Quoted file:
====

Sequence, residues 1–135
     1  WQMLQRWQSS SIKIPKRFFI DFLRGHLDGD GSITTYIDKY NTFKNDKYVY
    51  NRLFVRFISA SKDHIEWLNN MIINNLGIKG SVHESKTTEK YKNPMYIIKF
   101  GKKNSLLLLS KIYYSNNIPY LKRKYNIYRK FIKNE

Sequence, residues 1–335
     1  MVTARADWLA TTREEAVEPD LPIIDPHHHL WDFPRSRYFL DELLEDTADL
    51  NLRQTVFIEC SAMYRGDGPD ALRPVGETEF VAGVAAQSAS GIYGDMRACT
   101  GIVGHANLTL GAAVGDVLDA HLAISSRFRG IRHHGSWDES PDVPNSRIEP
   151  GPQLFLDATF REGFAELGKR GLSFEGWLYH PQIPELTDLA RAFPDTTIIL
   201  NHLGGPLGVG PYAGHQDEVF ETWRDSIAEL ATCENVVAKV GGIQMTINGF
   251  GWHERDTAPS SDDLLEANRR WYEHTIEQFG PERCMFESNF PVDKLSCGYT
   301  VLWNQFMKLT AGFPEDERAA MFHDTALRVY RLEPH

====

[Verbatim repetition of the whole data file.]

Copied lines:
Sequence, residues 1–135
     1  WQMLQRWQSS SIKIPKRFFI DFLRGHLDGD GSITTYIDKY NTFKNDKYVY
    51  NRLFVRFISA SKDHIEWLNN MIINNLGIKG SVHESKTTEK YKNPMYIIKF
   101  GKKNSLLLLS KIYYSNNIPY LKRKYNIYRK FIKNE

Sequence, residues 1–335
     1  MVTARADWLA TTREEAVEPD LPIIDPHHHL WDFPRSRYFL DELLEDTADL
    51  NLRQTVFIEC SAMYRGDGPD ALRPVGETEF VAGVAAQSAS GIYGDMRACT
   101  GIVGHANLTL GAAVGDVLDA HLAISSRFRG IRHHGSWDES PDVPNSRIEP
   151  GPQLFLDATF REGFAELGKR GLSFEGWLYH PQIPELTDLA RAFPDTTIIL
   201  NHLGGPLGVG PYAGHQDEVF ETWRDSIAEL ATCENVVAKV GGIQMTINGF
   251  GWHERDTAPS SDDLLEANRR WYEHTIEQFG PERCMFESNF PVDKLSCGYT
   301  VLWNQFMKLT AGFPEDERAA MFHDTALRVY RLEPH